As specimen 11 is rotated relative to the grid 15, ion beam source 19 emits an ion beam 25 onto the surface of grid 15. The beam 25 is filtered by grid 15, and relatively small ion “beamlets” 27 are emitted from the grid 15. Using techniques known in the art and so not described in detail herein, the beamlets 27 can be used to deposit material onto specimen 11 or to etch material from specimen 11.
It is desirable that ion beam density be uniform across the surface of the specimen 11, so that material is deposited uniformly across the specimen's surface or so that etching is uniform across the specimen's surface. To achieve such uniformity, a shaper 30 is mounted onto either the upper or lower surface of grid 15. In one embodiment, the ion beam source 19 includes a plasma chamber and a set of beam grids. In such an embodiment, the shaper 30 is mounted on the innermost grid (the grid closest to the plasma chamber).
According to embodiments of the present invention, the shaper 30 is dimensioned and shaped such that it does not partially cover any of the holes 21. That is, in one embodiment, each of the holes 21 in grid 15 is either completely closed by shaper 30 or is completely exposed to an incident ion beam.
In operation, as the specimen 11 is rotated beneath the source 19 and grid 15, ion beamlets 27 that are not blocked by shaper 30 are able to reach specimen 11. Empirical results demonstrate that, with the use of shaper 30, deposition and etching are uniform across the entire radius of specimen 11 (see
With reference to
A first arm 37, measured from the center mount portion 36, extends radially in one direction (R1) while a second arm 38, also measured from the center mount portion 36, extends radially in the opposite direction (R2). In one embodiment, each of the arms 37 and 38 covers 53 holes in grid 15 (
As shown in
With reference again to
Because the beam density remains relatively flat across the surface of a specimen, the amount of material deposited or removed during deposition and etching will be uniform across the surface of the specimen. Indeed, empirical data demonstrates that uniform deposition and etching across the surface of a specimen is realized using shaper 30, over a wide range of operating parameters including beam density, mounting angle (the angle between the specimen and the beam), and beam power, voltage or current. Notably, with shaper 30, both uniform deposition and uniform etching are achieved over the range of operating parameters. Thus, the shaper 30 does not have to be removed and replaced with a different shaper between deposition and etching.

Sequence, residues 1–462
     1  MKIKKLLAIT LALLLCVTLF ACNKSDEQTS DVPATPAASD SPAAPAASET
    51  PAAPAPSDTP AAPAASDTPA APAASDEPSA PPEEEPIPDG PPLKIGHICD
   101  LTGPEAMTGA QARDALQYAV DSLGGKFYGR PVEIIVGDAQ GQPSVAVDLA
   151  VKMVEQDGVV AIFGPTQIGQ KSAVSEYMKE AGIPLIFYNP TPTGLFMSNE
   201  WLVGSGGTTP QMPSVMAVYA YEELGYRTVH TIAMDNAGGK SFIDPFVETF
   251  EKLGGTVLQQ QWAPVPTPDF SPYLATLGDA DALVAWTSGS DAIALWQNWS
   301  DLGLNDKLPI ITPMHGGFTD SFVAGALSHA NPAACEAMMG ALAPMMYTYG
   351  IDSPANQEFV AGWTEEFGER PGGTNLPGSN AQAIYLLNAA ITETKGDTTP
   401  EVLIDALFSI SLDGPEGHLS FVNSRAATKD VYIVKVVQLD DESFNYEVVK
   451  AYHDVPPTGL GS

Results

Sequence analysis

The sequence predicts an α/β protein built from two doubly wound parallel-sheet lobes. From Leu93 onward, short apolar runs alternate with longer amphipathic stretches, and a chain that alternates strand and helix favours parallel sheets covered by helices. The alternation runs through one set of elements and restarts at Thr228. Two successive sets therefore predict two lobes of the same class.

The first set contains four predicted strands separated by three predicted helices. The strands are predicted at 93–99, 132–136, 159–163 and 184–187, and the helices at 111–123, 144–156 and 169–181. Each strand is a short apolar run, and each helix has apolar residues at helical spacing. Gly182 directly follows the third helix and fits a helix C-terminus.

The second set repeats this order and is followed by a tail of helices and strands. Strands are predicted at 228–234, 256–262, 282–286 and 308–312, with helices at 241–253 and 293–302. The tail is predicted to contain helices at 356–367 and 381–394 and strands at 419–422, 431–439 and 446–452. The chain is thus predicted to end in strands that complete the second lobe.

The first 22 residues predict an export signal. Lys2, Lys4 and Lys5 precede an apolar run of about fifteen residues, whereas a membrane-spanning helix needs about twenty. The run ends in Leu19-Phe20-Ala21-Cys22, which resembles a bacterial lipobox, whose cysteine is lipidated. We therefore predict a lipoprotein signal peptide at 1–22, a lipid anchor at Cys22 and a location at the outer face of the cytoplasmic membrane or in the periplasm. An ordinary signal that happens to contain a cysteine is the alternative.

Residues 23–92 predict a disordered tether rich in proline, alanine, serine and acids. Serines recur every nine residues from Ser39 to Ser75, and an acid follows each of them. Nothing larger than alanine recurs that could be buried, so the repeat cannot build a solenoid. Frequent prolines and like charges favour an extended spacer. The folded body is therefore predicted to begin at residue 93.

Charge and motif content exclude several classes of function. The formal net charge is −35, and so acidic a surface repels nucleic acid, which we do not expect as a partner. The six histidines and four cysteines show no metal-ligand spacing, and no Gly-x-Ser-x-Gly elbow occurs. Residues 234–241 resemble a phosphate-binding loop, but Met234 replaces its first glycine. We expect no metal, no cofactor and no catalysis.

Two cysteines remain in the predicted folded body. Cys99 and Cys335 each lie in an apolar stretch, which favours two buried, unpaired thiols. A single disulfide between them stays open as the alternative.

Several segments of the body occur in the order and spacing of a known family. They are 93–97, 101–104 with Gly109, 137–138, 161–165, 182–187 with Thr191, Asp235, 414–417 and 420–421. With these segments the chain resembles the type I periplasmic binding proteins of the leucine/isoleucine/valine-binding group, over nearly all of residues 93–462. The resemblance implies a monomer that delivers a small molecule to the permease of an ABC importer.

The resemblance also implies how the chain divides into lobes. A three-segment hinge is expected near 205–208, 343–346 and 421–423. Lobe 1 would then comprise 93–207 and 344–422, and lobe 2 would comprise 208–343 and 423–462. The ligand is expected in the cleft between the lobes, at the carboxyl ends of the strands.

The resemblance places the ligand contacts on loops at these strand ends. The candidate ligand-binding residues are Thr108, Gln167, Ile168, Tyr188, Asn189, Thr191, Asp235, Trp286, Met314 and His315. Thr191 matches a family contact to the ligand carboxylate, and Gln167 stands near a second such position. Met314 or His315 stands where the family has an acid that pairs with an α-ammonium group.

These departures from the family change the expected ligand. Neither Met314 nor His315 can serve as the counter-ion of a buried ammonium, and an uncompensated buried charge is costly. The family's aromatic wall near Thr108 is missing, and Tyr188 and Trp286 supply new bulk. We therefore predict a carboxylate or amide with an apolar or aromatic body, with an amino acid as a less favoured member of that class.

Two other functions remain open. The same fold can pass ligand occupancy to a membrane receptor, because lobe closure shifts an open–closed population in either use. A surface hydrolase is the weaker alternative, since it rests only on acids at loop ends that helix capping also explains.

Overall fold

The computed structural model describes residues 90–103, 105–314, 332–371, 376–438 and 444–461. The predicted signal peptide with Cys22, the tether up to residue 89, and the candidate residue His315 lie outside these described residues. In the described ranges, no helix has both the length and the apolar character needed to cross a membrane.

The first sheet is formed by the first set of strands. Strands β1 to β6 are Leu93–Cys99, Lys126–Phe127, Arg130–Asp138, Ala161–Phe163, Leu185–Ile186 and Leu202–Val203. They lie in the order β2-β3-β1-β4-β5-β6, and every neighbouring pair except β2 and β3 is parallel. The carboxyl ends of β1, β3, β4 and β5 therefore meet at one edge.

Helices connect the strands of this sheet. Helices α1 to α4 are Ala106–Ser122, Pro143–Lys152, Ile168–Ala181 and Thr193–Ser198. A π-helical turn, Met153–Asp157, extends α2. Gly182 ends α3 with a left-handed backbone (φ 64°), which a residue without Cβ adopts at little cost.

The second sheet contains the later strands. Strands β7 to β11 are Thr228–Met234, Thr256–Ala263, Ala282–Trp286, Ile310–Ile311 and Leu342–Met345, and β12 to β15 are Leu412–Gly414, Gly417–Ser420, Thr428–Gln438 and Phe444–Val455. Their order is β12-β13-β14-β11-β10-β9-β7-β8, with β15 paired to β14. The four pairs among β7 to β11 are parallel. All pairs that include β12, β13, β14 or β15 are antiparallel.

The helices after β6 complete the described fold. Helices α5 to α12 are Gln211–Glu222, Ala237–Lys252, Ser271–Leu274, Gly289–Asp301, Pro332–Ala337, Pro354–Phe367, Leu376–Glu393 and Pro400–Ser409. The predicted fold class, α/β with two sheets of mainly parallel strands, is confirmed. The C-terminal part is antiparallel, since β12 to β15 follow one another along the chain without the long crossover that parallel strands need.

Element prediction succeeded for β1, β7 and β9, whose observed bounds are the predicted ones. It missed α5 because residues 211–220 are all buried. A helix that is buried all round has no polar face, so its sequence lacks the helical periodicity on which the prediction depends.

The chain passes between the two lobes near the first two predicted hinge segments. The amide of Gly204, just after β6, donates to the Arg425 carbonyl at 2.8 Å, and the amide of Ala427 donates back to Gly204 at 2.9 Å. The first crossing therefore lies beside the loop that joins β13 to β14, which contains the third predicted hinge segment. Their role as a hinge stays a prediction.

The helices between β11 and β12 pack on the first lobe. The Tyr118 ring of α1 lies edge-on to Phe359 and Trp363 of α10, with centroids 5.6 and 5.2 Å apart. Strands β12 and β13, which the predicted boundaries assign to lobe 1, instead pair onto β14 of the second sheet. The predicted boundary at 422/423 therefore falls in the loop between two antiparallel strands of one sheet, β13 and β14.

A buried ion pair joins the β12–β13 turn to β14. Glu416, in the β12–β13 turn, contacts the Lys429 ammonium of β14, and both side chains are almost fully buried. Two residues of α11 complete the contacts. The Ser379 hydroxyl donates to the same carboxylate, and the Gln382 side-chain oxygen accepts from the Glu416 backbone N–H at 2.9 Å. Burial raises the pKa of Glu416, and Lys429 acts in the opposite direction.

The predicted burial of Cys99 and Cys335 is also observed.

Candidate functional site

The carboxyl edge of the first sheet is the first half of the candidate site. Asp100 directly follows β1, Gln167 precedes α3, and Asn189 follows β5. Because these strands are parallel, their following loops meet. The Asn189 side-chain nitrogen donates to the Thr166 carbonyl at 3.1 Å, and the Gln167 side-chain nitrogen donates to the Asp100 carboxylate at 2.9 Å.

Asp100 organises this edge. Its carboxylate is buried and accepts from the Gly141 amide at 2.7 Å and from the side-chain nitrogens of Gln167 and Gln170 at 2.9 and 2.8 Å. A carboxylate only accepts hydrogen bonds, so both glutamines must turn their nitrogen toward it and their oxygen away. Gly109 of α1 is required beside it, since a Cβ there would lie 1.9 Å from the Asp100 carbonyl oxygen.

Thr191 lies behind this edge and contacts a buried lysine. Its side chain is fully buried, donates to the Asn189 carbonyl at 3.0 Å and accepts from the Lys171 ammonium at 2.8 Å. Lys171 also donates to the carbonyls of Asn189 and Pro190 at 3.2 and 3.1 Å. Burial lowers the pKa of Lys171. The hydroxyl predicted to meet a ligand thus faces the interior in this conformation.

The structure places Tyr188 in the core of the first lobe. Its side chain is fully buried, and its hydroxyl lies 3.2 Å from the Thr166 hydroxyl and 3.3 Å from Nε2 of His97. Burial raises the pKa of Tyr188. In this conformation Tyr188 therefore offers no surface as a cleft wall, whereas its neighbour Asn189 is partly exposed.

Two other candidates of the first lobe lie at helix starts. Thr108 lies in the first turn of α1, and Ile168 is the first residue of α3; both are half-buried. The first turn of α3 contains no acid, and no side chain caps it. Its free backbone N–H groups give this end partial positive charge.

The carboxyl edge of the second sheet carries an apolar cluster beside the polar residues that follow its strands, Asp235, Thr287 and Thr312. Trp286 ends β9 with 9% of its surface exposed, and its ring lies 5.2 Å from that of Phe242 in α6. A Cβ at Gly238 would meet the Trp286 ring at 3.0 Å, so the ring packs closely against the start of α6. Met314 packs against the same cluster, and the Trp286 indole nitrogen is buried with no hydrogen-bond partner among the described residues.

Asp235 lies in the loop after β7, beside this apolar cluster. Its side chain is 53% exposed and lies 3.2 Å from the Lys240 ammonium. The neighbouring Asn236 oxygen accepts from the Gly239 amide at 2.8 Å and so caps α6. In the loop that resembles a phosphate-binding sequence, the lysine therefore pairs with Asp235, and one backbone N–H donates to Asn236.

In summary, embodiments in accordance with the present invention pertain to an ion beam shaper that can be used during both deposition and etch, and that can improve both deposition and etch uniformity across the entire surface of a specimen. Thus, elements such as the air bearing surface of a slider in an HDD can be made to finer tolerances, which in turn allows a read/write head to be located closer to the surface of a disk, reducing signal-to-noise ratio and allowing more information to be stored on the disk.
The foregoing descriptions of specific embodiments of the present invention have been presented for purposes of illustration and description. They are not intended to be exhaustive or to limit the invention to the precise forms disclosed, and many modifications and variations are possible in light of the above teaching. The embodiments described herein were chosen and described in order to best explain the principles of the invention and its practical application, to thereby enable others skilled in the art to best utilize the invention and various embodiments with various modifications as are suited to the particular use contemplated. It is intended that the scope of the invention be defined by the claims appended hereto and their equivalents.
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|GB1290863A||Title not available|
|JPH05140728A||Title not available|
|JPH08181072A||Title not available|
|1||Gnanarajan, "Using Masks to Obtain Uniform Ion Etch Rates", Review of Scientific Instruments, vol. 73, No. 4, (Apr. 2002),1853-1855.|
|U.S. Classification||250/492.3, 250/492.21, 250/492.22, 250/396.00R|
|International Classification||G21K1/08, H01J3/26, G21G5/00, H01J3/14, A61N5/00|
|Cooperative Classification||G21K1/04, H01J2237/083, H01J37/3178, H01J37/09, H01J37/305, H01J2237/08|
|European Classification||H01J37/317C, H01J37/305, H01J37/09, G21K1/04|
|May 2, 2007||AS||Assignment|
Owner name: HITACHI GLOBAL STORAGE TECHNOLOGIES NETHERLANDS B.
Free format text: ASSIGNMENT OF ASSIGNORS INTEREST;ASSIGNORS:DANG, PETER M.;GOITIA, JORGE A.;HWANG, CHERNGYE;AND OTHERS;REEL/FRAME:019238/0775;SIGNING DATES FROM 20061219 TO 20070130
Owner name: HITACHI GLOBAL STORAGE TECHNOLOGIES NETHERLANDS B.
Free format text: ASSIGNMENT OF ASSIGNORS INTEREST;ASSIGNORS:DANG, PETER M.;GOITIA, JORGE A.;HWANG, CHERNGYE;AND OTHERS;SIGNING DATES FROM 20061219 TO 20070130;REEL/FRAME:019238/0775
|Oct 25, 2012||AS||Assignment|
Owner name: HGST, NETHERLANDS B.V., NETHERLANDS
Free format text: CHANGE OF NAME;ASSIGNOR:HGST, NETHERLANDS B.V.;REEL/FRAME:029341/0777
Effective date: 20120723
Owner name: HGST NETHERLANDS B.V., NETHERLANDS
Free format text: CHANGE OF NAME;ASSIGNOR:HITACHI GLOBAL STORAGE TECHNOLOGIES NETHERLANDS B.V.;REEL/FRAME:029341/0777
Effective date: 20120723
|Jun 30, 2014||FPAY||Fee payment|
Year of fee payment: 4